Rob: I remember reading that Film Crit Hulk article for the first time and not understanding much of it. Mainly because I wasn't as much a fan of Weezer as I am now, but also because I didn't have much concept of theory. But over the past year or so I've developed my knowledge of both theory and Weezer and the article really made sense to me. It's hard to write against melody, but when you get it dead right (as Matt Sharp did on those first two albums) it can sound incredible. The amount of POWER Weezer got out of their harmonies is the most startling and impressive factor, it was what made their early material so memorable. But I agree, he could talk about that for a million years and it wouldn't be interesting if he wasn't a good writer. It's the fact that he loves Weezer lots and lots that makes it such an enthralling read - I know Weezer have their core fanbase, and that's fine, but there are those who preferred everything they did before 2001 and will connect with the words Hulk puts forward. That's what makes it a good piece, not just his knowledge of theory.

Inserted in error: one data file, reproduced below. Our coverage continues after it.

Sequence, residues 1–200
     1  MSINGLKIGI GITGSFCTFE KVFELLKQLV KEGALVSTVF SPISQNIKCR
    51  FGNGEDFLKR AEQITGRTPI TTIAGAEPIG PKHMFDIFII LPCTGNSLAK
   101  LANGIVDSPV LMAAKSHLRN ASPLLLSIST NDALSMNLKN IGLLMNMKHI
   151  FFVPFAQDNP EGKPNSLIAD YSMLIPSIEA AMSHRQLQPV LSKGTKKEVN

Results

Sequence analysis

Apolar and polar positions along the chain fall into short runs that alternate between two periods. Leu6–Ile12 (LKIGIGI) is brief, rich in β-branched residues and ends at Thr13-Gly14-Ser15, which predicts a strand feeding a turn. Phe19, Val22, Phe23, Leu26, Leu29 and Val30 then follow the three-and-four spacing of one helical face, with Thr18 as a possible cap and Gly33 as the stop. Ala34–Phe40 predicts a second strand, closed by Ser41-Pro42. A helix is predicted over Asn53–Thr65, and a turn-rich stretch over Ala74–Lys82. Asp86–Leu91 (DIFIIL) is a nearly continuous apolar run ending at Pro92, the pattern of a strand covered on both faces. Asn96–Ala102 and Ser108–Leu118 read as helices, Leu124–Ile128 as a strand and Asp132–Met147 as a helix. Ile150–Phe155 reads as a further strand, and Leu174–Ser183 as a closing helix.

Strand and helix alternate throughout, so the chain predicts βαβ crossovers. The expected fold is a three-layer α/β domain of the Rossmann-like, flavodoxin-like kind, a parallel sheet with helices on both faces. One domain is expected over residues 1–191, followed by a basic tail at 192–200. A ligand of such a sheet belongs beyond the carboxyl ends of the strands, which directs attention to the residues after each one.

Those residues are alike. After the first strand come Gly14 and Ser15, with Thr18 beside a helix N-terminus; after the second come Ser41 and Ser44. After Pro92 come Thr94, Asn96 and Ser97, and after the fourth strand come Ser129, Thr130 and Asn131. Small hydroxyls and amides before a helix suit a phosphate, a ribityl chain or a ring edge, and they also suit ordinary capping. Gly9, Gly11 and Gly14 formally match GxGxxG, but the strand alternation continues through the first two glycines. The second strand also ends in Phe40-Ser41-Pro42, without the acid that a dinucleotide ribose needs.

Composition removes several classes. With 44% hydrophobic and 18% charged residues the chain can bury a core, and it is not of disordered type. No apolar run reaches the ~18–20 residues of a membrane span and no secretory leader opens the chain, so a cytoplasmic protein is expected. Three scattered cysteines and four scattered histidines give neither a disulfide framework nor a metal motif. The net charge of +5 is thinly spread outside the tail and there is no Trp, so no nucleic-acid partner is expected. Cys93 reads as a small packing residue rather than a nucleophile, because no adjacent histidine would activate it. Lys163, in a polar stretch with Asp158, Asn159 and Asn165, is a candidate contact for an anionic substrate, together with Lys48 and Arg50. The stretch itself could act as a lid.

Mike: Exactly. But we also need to consider what we think criticism is for, and what it should aspire to be. In what you've written here it seems to me that you're equating criticism with reviews, which is a bit simplistic. I don't think criticism is simply a case of consumer guidance, telling readers what album to listen to or what film to see. Broadly, a piece of criticism is writing that deeply engages with a text and an art form in general, and a good piece of criticism will be as moving and thought-provoking as the art it seeks to investigate. It should stand on its own as an intelligent piece of writing; be insightful, entertaining and the reader should come out the other end knowing and/or thinking more than they did before. The writer should use their experience to illuminate something that may not be so obvious to a casual consumer and ultimately teach them in understanding art in various ways. As I said before, to do that the writer will need to have some knowledge and experience of their subject and poetics -- it stands to reason that a writer who has spent time learning about a subject, whether academically or casually, is passionate about it -- but they also need to have knowledge of language. The best writers are readers, after all.